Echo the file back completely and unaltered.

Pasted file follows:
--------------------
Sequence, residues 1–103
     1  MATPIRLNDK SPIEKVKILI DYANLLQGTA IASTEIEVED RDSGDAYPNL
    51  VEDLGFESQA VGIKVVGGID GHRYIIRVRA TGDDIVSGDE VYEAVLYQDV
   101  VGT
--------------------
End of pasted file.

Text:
Sequence, residues 1–103
     1  MATPIRLNDK SPIEKVKILI DYANLLQGTA IASTEIEVED RDSGDAYPNL
    51  VEDLGFESQA VGIKVVGGID GHRYIIRVRA TGDDIVSGDE VYEAVLYQDV
   101  VGT